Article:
September 02, 2017

Metric system is like a foreign language

I realize that in all my life I have not become accustomed to thinking about weights and measures in the metric system without thinking about the units in the U.S. standard or traditional system. This is much like learning a foreign language but having to translate in your head before speaking or understanding. I think this is because I learned about weights and measures as a child with the traditional system, so I have established mental reference points in my memory.

I was recently thinking about temperature. What would it take for me to understand Celsius so that I don't have to convert it mentally? Is 27 degrees in Celsius warm or cool? It is easy to talk about temperature in Fahrenheit, and I think I have memories of feelings or even specific things associated with different numbers:
  • 100 degrees: This is like baking in an oven. I remember the way it felt when I was a teenager walking across the deck to the back of my mother's house. I remember seeing someone jogging near The Varsity in Athens, Georgia, when it was above 100, wondering how the human body can even do that.
  • 90 degrees: Typical Georgia heat -- summers are often around 90. I think about people loudly saying "90 degrees!" as a complaint or a warning. In my head I see the sun shining through pine trees and hear cicadas.
  • 80 degrees: Just warm, potentially hot if you're active in the sun. I think about people in New England suffering without air conditioning.
  • 70 degrees: Along with 72 being "room temperature," this is a pleasant temperature. You always want it to be 70 degrees.
  • 60 degrees: This can feel cool, but it can also be warm, like a fall day in Georgia. However, when I experienced 60 degrees in April in New York, it was the most wonderful and amazing temperature ever. Reaching this temperature for the first time in months inspired a surge in outdoor exercise and picnicking; it was as exciting as the Fourth of July.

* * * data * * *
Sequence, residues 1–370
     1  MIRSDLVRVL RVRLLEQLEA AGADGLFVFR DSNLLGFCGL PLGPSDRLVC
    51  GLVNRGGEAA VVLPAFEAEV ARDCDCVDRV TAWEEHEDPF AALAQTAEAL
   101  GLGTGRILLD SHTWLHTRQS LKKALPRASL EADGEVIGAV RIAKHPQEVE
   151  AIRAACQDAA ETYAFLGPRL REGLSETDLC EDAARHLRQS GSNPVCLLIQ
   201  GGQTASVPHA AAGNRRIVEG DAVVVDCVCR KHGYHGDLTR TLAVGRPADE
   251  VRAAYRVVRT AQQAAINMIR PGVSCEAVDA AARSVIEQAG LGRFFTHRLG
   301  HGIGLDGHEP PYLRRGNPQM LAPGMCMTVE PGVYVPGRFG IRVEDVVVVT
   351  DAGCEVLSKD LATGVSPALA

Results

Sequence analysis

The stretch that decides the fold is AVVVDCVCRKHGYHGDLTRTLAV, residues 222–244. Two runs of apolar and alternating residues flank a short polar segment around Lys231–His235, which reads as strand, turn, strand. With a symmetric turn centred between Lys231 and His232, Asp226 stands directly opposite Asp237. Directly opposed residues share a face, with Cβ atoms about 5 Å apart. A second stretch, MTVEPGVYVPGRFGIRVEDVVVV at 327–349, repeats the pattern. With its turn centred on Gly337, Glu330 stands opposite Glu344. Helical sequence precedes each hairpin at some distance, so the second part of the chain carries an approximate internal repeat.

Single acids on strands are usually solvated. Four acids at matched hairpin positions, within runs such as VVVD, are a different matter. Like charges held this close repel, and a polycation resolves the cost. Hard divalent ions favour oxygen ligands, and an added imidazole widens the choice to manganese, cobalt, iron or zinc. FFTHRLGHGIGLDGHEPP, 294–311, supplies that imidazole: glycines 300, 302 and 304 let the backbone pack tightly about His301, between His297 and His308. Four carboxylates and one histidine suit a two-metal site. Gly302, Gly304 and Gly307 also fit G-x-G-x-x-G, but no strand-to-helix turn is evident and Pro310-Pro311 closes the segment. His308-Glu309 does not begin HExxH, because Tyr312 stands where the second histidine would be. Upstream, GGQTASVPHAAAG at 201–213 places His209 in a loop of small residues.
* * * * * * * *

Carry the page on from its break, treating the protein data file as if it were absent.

• 50 degrees: Always a little cool. This would mean I was definitely putting on a jacket when I was going to school.
  • 40 degrees: Comfortable or cold, depending on the conditions. I remember my father talking about how people hunting outdoors would find this miserably cold if there was humidity and they weren't dressed properly. However, I also remember my evening walks in New York where I found this to be the most perfect, comfortable outdoor temperature when wearing a jacket since I had become acclimated to cooler weather.
  • 30 degrees: Always cold, but you can dress for it. I remember being miserable on the playground because my legs were cold if it was in the 30s. You might see your breath.
  • 20 degrees: This is really cold for Georgia, and you have to really bundle up.
  • 10 degrees: The only reference point is this is around the temperature at which my nose hairs freeze for every breath I take. I remember walking to my college dining hall in New York for breakfast when this was a typical temperature for the winter before it warmed up later in the day.
  • 0 degrees: I think I remember being a kid (here in Georgia) when the schools shut down. 0 degrees is a real weather event here. I once walked to work when it was 7 degrees and was proud of myself for dressing appropriately -- with my frozen nose hairs being my only discomfort -- but the heat inside my office couldn't really keep up.
  • Minus 20 degrees: I don't remember if it was minus 20 or minus 25, but I experienced this in New York for one or two days, and it was just unbelievable.
All these memories are associated with Fahrenheit numbers. Growing up, I heard weather forecasts talk about temperatures such as "low 70s" or "mid 60s", so I don't really know what to do with the Celsius numbers mentally. I consider it a challenge to create some reference points in my head, such as 22 (room temperature) and 37 (body temperature), but I can't help but think, "OK, so what is 80 degrees?" Thus I can only really "translate" this foreign language in my head.

I was recently only thinking of temperature, but these mental reference points exist in my mind for other measurements, such as one cup being a measuring cup or a carton of milk at school. Unsurprisingly, I see a gallon jug of milk when I think about gallons. I can see one foot as a ruler, six feet as a tall person, ten feet as a basketball goal, seventeen feet as a car or truck, or 200 feet as a certain gravel driveway. My clearest mental image of metric volume measurement is a two-liter bottle of soda, and I think about liters being similar to quarts. When I think about meters, I have to think about a yardstick since those are similar in length.

I have grown up hearing about Fahrenheit and seeing foot rulers, yardsticks, one-gallon jugs, and five-pound bags of sugar. I do wonder how the United States might convert to the metric system in a way that people were comfortable with it. Would the dairy industry sell milk in 2-, 3-, or 4-liter containers? Would discount stores stop selling foot rulers? What length is a ruler in the rest of the world anyway? Can police radar units change a simple setting to display speed in km/h? Should I tell my son the temperature in Fahrenheit and Celsius, or would that just confuse him forever? Will I always need two sets of wrenches?

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